Posted on: May 8, 2020 at 4:27 pm
Last updated: July 12, 2020 at 10:52 am

Sometimes the best remedies are the ones that are right under your nose. Turmeric is a great example – this spice has been lending its aroma and golden yellow color to curries and other delicious dishes for millennia. But in recent years, researchers have finally demonstrated the possible benefits of curcumin, the active ingredient found in turmeric, and it’s been catching on with the public ever since. There are tons of benefits of turmeric. Let’s break down a few ways it can help you.

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What is turmeric?

Turmeric is a plant from the same family as ginger. It’s native to the Indian Subcontinent and Southeast Asia.

The spice is derived from the roots of this plant which are harvested every year, then boiled and ground to produce the familiar yellow powder that is used to flavor and color food, and for all kinds of other applications across India, Southeast Asia, and China.

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Read: Everything You Need to Know About Black Seed Oil

Benefits of turmeric

Today we know that the primary active ingredient in turmeric is curcumin, a natural phenol responsible for the root’s golden color. Studies at top institutions have shown that this compound has a wide range of benefits.

1. It can help with mobility.

Many people who experience discomfort in their knees, hands, and other joints are living with a chronic inflammatory condition like rheumatoid arthritis. The curcumin in turmeric is a natural, highly effective anti-inflammatory that helps to counteract the inflammation which causes pain and damages cartilage.1 2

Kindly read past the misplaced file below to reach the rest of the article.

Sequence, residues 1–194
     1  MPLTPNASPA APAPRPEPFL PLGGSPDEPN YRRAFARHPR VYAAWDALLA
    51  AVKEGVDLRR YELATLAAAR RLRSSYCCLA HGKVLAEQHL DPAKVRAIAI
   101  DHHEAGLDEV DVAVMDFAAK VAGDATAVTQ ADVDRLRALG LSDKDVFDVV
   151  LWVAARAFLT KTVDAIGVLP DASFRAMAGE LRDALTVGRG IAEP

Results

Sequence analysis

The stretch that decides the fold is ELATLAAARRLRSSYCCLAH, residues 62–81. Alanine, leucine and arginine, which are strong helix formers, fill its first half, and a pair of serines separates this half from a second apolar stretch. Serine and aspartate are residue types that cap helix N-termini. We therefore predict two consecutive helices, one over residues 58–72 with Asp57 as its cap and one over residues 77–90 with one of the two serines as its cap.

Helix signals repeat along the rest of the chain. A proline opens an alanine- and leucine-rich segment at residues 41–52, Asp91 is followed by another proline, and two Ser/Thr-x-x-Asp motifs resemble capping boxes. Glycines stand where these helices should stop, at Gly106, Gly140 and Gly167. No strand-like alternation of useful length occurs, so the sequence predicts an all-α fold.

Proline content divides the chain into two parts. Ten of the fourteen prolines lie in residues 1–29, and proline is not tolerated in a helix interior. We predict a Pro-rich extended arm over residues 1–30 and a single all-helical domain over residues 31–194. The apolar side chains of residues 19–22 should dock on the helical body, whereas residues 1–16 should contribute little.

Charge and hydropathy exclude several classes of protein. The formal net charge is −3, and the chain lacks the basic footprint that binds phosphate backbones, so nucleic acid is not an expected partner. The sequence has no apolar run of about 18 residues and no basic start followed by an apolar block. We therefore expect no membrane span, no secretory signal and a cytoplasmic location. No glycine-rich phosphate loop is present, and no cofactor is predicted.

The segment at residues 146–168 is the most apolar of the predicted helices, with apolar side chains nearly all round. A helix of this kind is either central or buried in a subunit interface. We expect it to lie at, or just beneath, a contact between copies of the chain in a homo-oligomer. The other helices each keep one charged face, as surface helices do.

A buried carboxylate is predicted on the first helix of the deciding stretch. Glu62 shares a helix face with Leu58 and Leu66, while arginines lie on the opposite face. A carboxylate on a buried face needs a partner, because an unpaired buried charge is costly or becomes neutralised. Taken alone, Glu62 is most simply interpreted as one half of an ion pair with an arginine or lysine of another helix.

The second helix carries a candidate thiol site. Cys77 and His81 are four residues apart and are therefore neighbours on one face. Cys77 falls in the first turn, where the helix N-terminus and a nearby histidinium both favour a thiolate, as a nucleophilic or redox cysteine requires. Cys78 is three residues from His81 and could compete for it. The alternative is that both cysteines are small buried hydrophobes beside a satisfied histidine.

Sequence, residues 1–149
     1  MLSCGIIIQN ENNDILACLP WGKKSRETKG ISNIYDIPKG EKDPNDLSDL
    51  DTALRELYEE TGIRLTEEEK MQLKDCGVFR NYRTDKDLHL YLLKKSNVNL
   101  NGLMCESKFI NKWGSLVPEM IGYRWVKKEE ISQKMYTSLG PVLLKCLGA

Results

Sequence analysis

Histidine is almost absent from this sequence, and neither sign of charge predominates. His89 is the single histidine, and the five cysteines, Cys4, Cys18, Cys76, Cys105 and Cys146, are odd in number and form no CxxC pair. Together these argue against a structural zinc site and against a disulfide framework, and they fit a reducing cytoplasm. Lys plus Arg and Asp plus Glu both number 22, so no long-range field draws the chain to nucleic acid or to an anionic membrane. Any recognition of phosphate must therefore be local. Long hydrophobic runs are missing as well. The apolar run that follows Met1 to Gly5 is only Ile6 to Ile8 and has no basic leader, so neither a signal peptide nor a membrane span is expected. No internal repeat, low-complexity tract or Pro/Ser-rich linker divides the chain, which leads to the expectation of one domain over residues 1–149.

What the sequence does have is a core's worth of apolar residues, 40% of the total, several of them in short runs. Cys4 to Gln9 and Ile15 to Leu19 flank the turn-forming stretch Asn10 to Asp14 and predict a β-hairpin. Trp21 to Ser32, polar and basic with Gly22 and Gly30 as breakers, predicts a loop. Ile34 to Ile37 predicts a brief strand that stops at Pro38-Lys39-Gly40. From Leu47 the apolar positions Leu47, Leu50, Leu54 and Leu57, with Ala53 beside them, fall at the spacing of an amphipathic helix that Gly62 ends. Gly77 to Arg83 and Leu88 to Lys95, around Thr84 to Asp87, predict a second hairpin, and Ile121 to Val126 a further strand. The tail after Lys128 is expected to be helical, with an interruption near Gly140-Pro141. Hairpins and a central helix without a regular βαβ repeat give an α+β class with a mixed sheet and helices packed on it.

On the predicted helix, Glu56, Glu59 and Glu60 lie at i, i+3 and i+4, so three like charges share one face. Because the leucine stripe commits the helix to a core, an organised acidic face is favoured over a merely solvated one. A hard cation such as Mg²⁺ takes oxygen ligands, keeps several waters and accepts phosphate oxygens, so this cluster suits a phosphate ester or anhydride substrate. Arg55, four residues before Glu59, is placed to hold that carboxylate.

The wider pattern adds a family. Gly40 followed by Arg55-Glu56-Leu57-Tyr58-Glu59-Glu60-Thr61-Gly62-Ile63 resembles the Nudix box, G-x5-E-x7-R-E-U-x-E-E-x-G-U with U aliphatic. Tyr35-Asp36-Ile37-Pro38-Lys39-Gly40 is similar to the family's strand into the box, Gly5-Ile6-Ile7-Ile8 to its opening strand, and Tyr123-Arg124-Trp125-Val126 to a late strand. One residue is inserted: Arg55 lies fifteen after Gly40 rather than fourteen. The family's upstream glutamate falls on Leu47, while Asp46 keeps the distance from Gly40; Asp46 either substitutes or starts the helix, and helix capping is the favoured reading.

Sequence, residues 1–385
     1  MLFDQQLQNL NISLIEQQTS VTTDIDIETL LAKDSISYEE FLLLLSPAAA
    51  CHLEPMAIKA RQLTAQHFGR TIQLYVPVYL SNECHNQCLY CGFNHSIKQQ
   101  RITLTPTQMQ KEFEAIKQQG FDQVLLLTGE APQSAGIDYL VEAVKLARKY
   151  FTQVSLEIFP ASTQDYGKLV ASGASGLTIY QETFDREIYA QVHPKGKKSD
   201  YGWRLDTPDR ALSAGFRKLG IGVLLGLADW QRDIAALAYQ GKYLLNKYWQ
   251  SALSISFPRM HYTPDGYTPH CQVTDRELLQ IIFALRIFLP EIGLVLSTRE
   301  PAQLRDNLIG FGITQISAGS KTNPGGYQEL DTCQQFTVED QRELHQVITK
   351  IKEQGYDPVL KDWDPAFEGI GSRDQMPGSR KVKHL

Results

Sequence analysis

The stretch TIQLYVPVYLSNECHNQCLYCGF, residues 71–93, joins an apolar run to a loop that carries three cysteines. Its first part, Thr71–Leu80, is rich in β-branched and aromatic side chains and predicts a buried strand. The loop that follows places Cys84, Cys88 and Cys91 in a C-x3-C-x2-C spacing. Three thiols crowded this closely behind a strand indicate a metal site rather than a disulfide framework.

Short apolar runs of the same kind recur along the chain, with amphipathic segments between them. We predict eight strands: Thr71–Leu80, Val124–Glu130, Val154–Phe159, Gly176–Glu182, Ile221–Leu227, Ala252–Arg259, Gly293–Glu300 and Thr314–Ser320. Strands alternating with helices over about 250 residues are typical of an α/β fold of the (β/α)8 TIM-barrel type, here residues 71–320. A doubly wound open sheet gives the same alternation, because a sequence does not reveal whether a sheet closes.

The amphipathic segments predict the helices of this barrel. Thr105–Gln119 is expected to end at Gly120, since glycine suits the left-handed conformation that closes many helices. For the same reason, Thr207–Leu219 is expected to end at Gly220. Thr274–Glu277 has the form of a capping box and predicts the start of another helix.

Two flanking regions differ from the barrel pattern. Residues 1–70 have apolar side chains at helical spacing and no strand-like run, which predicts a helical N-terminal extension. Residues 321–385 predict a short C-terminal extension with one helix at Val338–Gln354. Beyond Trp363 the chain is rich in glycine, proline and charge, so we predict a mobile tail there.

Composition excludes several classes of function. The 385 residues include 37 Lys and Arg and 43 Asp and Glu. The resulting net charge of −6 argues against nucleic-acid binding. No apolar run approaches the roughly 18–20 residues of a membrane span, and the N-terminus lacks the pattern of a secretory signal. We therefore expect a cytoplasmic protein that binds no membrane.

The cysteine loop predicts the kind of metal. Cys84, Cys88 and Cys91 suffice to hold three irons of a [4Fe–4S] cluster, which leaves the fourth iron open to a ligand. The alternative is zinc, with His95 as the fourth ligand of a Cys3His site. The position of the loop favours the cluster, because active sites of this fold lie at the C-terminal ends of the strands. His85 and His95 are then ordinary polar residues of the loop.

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2. It is a powerful antioxidant

As an antioxidant, curcumin helps to protect cells from damage by free radicals that are responsible for aging and the genesis of some illnesses.3

3. It helps with your exercise regime

We all know that exercise, along with a balanced diet, is the key to a healthy life. Studies conducted with elite athletes have found that curcumin helps with muscle recovery after intense physical exercise and can reduce delayed onset muscle soreness (DOMS), helping you to keep training and improve performance over time.4 5

Read: Turmeric Extract Helped Heal Woman, 67, From 5 Year Battle With Blood Cancer, Case Study 

How can I get the most out of turmeric?

These benefits mean that turmeric is more popular than ever. However, the powdered turmeric you can buy at the supermarket is unlikely to be of much use, and not all turmeric supplements are created equal.

Before embarking on your personal turmeric trial, you should consider bioavailability. Put simply, bioavailability is a measure of how easy it is for your body to absorb a particular substance. If something is very bioavailable then it will easily get into your bloodstream, where it can have a pharmacological effect.

Unfortunately curcumin – the active ingredient in turmeric – is not very bioavailable. It already forms just 3% of turmeric by weight, and more than 95% of it is broken down in the digestive system before it can be absorbed and take effect.

To have the best chance of experiencing benefits from curcumin, you really need to focus on the delivery mechanism,’ says Dr. Miriam Ferrer, head of product development at scientific supplement company FutureYou Cambridge.

‘Eating powdered turmeric from the shop simply won’t get enough of the active ingredient into your bloodstream, so a lot of people choose a supplement that uses phytosome technology to increase absorption. With this method, the curcumin is combined with lecithin, which protects it in the digestive system so that it can reach your cells and take effect, making it 30x more absorbable than standard turmeric taken with food.’

Final thoughts on turmeric

Turmeric has become extraordinarily popular in recent years. If you’d like to give it a try, just make sure you are using an easy-to-absorb supplement so that you can get the most out of the golden spice.

Further reading:

Turmeric: the definitive guide by FutureYou Cambridge. 

Keep Reading: Homemade Turmeric & Ginger Iced Tea for Your Heart, Brain, and Cells

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Hannah Wilson
Digital Content Editor at FutureYou Cambridge
Hannah Wilson is the Digital Content Editor at FutureYou Cambridge. Hannah contributes, edits, and manages content as part of the wider marketing team.

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